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City Officials To Vote On WDI's Role In New Downtown Tax District

By Cece Nunn, posted Jun 2, 2017
Wilmington Downtown Inc. is the only organization in the running to provide extra services in a special downtown tax district that city officials established in December.

The district is expected to generate $377,000 to go toward services in the city's new Municipal Services District (MSD) -- $107,000 more than anticipated because of the latest New Hanover County tax revaluation.

The Wilmington City Council's meeting agenda for Tuesday includes a public hearing and two votes related to awarding the MSD contract to WDI, the only entity to respond to the city's request for proposals, according to city officials. The district will be implemented July 1.

Those within the MSD, owners of property in downtown's Central Business District, will pay an additional tax of 7 cents per $100 in property value in exchange for additional services that aim to improve safety and cleanliness and enhance economic development and marketing efforts in the area.
 
Ed Wolverton, president and CEO of WDI, said Friday that there are a number of reasons why WDI would be well-suited for the job.

"One is that we have been an organization dedicated to improving downtown for over 35 years. We already have a very large and representative group of stakeholders that are part of our board of directors – 37 members. We also have four committees that include additional people with an interest in downtown, which is about another 50 people or so," Wolverton said.

WDI has existing relationships with governmental entities, from the police department to city landscaping, he said.

"Those relationships already exist so we’re able to quickly position our services to enhance what the city’s already doing," Wolverton said. "And lastly, from a staff perspective, I have directly managed two MSDs and was an associate director for an organization that had three MSDs. I’ve got experience with managing and directing these types of services and programs."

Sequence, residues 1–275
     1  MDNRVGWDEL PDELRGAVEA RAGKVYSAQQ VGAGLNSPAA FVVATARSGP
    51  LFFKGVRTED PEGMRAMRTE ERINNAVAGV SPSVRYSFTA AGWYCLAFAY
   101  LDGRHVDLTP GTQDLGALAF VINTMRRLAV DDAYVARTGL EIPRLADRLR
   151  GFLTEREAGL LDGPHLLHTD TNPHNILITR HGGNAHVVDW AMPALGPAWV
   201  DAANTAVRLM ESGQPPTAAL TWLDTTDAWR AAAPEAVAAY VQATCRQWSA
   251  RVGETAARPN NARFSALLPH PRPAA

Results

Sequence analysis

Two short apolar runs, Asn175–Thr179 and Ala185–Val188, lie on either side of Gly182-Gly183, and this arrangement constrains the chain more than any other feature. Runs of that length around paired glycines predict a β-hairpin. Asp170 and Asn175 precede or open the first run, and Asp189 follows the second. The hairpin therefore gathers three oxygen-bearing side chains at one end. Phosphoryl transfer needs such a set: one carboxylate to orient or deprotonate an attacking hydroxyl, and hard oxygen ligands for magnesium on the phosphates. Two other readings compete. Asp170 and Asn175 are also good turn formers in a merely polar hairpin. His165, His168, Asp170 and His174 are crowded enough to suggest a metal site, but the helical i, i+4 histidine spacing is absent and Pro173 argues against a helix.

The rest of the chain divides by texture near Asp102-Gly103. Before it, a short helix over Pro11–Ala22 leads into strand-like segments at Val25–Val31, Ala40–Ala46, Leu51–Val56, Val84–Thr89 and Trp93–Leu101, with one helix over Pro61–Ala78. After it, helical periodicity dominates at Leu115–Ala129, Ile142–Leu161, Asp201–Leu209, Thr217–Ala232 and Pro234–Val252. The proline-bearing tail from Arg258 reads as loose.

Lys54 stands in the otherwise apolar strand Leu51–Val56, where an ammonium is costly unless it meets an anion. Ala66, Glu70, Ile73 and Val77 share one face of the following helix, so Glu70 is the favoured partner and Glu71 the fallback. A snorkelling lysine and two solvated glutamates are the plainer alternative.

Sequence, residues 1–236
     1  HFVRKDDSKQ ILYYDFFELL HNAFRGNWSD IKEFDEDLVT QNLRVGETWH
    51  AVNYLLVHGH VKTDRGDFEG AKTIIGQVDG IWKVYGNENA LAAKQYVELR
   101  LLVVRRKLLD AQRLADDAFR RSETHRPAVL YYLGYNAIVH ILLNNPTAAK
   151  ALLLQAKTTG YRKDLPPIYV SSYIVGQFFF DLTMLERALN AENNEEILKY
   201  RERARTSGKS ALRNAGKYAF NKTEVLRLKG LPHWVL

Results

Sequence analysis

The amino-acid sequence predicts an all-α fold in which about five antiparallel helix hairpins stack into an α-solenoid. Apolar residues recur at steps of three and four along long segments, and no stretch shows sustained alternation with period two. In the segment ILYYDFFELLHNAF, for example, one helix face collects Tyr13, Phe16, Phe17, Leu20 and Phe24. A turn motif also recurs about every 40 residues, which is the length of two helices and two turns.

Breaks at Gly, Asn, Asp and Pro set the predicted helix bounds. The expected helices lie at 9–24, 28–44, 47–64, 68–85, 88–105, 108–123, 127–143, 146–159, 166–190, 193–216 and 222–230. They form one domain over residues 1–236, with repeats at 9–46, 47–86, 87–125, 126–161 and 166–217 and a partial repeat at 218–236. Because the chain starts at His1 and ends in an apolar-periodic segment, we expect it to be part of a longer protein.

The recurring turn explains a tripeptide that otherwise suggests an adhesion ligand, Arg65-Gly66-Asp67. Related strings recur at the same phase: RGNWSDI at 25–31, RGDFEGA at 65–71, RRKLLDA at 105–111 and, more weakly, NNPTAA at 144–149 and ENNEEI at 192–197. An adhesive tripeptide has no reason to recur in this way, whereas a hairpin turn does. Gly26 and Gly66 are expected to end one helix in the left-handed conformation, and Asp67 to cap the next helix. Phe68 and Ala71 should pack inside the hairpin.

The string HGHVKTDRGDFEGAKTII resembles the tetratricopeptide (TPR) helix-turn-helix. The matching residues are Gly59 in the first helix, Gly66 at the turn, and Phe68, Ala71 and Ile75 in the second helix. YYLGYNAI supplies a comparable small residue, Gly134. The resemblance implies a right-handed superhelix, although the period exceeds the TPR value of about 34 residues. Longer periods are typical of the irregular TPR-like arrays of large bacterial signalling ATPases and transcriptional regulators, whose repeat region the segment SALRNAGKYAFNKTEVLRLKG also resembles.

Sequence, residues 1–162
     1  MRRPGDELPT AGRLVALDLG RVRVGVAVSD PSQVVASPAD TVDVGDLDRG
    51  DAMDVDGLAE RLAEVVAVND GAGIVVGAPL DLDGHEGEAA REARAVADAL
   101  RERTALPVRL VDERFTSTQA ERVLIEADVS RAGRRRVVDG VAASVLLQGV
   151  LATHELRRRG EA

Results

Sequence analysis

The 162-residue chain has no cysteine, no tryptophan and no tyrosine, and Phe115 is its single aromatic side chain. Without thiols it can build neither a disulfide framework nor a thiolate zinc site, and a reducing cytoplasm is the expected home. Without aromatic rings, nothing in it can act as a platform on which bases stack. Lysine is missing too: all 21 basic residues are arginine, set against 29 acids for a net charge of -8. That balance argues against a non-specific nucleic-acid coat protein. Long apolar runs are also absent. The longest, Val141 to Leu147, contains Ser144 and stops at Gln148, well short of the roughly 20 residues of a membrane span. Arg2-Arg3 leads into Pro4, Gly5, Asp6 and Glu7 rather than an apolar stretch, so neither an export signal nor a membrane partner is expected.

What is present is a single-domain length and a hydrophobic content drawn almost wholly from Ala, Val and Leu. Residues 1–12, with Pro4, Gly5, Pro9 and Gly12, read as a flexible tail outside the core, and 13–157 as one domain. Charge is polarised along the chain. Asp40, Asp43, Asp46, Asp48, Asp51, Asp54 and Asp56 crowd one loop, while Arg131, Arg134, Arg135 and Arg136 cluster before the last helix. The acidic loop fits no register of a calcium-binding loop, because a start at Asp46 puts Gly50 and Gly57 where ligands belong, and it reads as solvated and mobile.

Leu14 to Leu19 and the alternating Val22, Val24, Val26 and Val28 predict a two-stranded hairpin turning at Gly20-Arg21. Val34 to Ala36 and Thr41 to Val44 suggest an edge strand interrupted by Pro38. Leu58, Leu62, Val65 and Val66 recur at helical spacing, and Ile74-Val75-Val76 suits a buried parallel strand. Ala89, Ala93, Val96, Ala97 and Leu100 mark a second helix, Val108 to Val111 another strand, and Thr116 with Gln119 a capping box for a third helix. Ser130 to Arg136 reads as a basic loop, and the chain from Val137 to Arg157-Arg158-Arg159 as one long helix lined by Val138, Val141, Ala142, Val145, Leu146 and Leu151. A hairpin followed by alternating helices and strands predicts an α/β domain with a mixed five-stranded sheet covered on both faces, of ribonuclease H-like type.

In addition to the RFP for service providers, the city has been working on establishing an MSD advisory panel, and most of the panel's members were officially appointed in May. The panel can provide suggestions, but the City Council has the ultimate say in how the MSD money is spent.

Under the proposal, 15 percent of the MSD's budget would be used by WDI for administrative overhead costs, according to city documents.

Meanwhile, WDI overall could be facing a potential funding shortfall next fiscal year of about 10 percent less than its current budget of nearly $420,000, if proposed cuts to New Hanover County's budget end up in the final spending plan. Wolverton said the MSD contract, if approved, would not make up the difference.

"Essentially the whole purpose of the MSD [based on state legislation] is to provide services above and beyond what's already being provided. So it's not intended to become a funding source for the city or the county to shift things that they were currently doing, to shift those costs to the MSD," Wolverton said Friday. "Again, the MSD is supposed to be above and beyond what's [already] being done."

Whatever happens with the county's budget, Monday's city votes could be a major step forward for an MSD whose roots can be traced to the Vision 2020 plan that city officials adopted in 2004.

If the City Council awards the contracts to WDI, the organization can then enter into a contract with California-based Allied Universal Security Services for the enhanced safety and security elements of the MSD plan, including at least five full-time equivalent positions for workers to serve as "Downtown Ambassadors." The ambassadors would work every day and some holidays to provide safety and cleaning services, the proposal says.

Other services the MSD would aim to provide could get started even sooner than the ambassadors program, such as increased marketing and economic development efforts and physical improvements.

"Some of that's going to get underway almost immediately, working through our committees to identify specific opportunities," Wolverton said Friday.

In October last year, Wilmington Chamber of Commerce officials said in a statement that they support WDI managing the MSD. In agenda documents for next week's meeting, City Manager Sterling Cheatham said passage is recommended of the budget ordinance and resolution to award the MSD contracts to WDI.

Wilmington City Council is scheduled to meet at 6:30 p.m. Tuesday at City Hall.
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